Rites of Spring Quiz: Daylight Saving Time and the Vernal Equinox


Tomorrow (or tonight before bed) is the day we turn the clocks ahead to switch from Standard Time to Daylight Saving Time (note that there is no “s” on saving).  The Federal government actually doesn’t require the time change and at any given time many state legislatures are trying to change it for any number of reasons. Another March event is the vernal equinox – let’s how much you know about these two rites of spring. Scroll down for answers.

1. Who asked this question: “What would aliens say when told Earthlings shift clocks twice a year to fool themselves into thinking there’s more sunlight?”

  • A. Carl Sagan
  • B. Neil deGrasse Tyson
  • C. David Pogue
  • D. Penny Noyce

2. When was the last time they changed the starting and ending dates for daylight saving time?

  • A. 1947
  • B. 1986
  • C. 2000
  • D. 2007

3. Which of the following things is NOT true about daylight saving time?

  • A. Benjamin Franklin invented it.
  • B. It leads to a drop in the crime rate.
  • C. It was extended in the fall to leave more time from Trick or Treating on Halloween.
  • D. It was extended in the spring so that people would go places and cook outside more with the extra daylight.

4. What two U. S. states will be staying on Standard time this Sunday?

  • A. Hawaii and Alaska
  • B. Hawaii and Arizona
  • C. Hawaii and Maine
  • D. Alaska and Arizona

5. The experts can’t seem to agree on whether Daylight Saving Time truly saves energy. What most people agree on is that it’s a good thing we change the clocks on Sunday because it give people one day to adjust to the time change before work on Monday. What percentage of Americans show up at the wrong hour after the time change?

  • A. 11%
  • B. 27%
  • C. 34%
  • D. 53%

6. The March equinox will be on Thursday, March 20. What makes it an equinox?

  • A. There are exactly 12 hours of day and night, worldwide
  • B. The sun passes directly overhead at the equator.
  • C. It’s always the third Thursday in March and September
  • D. It’s the first full moon each spring and fall

7. True or False? The equinox occurs at the same moment for everyone on earth.

Photo credit: wikipedia

Photo credit: wikipedia

8. This pyramid was designed to mark the exact moments of the equinox – the shadow from the stairs creates a snake slithering down the pyramid – you can see the carved head at the bottom. Where in the world is this?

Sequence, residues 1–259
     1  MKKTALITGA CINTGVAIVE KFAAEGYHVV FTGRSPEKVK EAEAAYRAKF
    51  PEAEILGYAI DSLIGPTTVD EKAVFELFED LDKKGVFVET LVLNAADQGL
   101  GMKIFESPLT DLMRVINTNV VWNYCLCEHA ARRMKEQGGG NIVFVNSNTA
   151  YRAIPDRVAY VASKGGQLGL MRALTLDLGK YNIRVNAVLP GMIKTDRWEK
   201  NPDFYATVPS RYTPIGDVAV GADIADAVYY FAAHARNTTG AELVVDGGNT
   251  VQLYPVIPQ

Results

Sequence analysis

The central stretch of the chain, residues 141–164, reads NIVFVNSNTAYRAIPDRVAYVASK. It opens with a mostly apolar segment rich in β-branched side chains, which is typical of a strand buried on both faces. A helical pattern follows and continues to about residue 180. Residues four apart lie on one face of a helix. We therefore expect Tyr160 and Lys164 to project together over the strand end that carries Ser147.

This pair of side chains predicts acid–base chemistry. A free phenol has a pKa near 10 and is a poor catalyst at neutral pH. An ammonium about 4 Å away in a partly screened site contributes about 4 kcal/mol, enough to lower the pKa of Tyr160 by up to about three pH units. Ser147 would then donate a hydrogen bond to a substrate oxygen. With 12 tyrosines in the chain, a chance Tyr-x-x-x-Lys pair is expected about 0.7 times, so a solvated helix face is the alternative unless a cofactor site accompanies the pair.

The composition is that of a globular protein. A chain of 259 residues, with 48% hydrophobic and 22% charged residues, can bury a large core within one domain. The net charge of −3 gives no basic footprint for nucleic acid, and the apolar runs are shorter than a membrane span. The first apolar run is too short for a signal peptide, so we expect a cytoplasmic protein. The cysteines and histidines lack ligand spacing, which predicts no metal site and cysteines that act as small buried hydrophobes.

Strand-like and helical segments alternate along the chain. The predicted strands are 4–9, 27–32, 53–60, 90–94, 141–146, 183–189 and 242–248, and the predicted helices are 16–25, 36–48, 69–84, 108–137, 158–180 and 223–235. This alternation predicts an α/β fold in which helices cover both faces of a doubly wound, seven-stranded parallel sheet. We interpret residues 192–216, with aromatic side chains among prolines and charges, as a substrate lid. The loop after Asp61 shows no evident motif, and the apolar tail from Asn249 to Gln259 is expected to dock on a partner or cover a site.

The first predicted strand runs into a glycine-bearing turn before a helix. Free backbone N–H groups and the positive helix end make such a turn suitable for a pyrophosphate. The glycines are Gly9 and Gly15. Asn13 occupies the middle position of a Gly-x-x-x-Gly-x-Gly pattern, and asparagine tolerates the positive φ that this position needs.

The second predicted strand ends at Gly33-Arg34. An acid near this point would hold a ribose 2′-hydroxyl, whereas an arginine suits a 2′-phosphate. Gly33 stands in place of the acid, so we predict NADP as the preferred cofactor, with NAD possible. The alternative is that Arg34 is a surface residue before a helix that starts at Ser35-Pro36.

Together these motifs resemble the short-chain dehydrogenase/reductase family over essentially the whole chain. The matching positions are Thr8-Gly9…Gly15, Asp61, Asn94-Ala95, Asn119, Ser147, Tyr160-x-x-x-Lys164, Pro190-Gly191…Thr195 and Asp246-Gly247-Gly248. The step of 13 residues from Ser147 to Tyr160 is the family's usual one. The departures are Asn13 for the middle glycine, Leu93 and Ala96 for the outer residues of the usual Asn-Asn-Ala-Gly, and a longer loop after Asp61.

• A. Giza, Egypt
  • B. Gunung Padang Plateau, West Java, Indonesia
  • C. Chichen Itza, Mexico.
  • D. Muaritius Island, off the coast of Africa

9. True or False: you can stand an egg on its end at the exact moment of the vernal equinox.



1. B. That’s what Neil DeGrasse Tyson posted on Twitter last fall when we turned the clocks back. Now we are getting ready to spring forward (do you think he picked that date deliberately for the premiere of his new Cosmos show?)

2. D. 2007. From 1986 – 2006 it began on the first Sunday in April and ended on the last Sunday in October.

3. A. Benjamin Franklin did not invent daylight saving time; he merely recommended that people wake with the sun to avoid staying up late at night (and thus save on candles). So yes, it’s true that there are fewer robberies in that extra hour, and that the hours were changed partly as the result of lobbying by the candy, gasoline and barbecue industries.

4. B. Hawaii and Arizona. Arizona’s history with time zones is complicated - there are different approaches to time zones depending on where you are (some Native American nations observe it, some don’t). Most of Arizona sees no benefit in following the rest of the nation when it comes to daylight savings, partly because the climate there is consistent enough that the extra daylight doesn’t offer much benefit (this is also why nations close to the equator also tend to stay on standard time).

5.  B. 27% of people in a 2010 survey admitted they showed up for work at the wrong time after “springing forward.” Of course, those are just the ones that admitted it…

6. The sun passes directly overhead at the equator. The Earth’s axis is not tilted toward or away from the sun. The sun is “moving” north in March and south in September, which is why July is summer in the northern hemisphere and winter in the southern hemisphere. Even so, the moment of the equinox does not guarantee 12 hours of daylight, because that happens just before the sun crosses the celestial equinox (and it does vary by location on the planet).

7. True. But, of course, the times zones are different! Timeanddate.com says that the vernal equinox will occur at 16:57 UCT – Universal Coordinated Time, which is the time standard used to synchronize clocks across all time zones. They also have a tool that converts that to your time zone.

8. C. The Mayan pyramid at Chichen Itza.

9. False. The egg-equinox story an urban legend. If you follow the hyperlink you can find out how to stand an egg on its end any time you want.

THL's Galactic Academy of ScienceSpeaking of time, in THL’s Galactic Academy of Science (G.A.S.) books, curious kids travel through time zones and centuries to solve mysteries and meet some of the greatest minds in history. They’re fun to read together or for kids to explore on their own, and a great way to pass the winter days until spring really arrives.


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Mar 8, 2014 | Posted by in About, Galactic Academy of Science series | Comments Off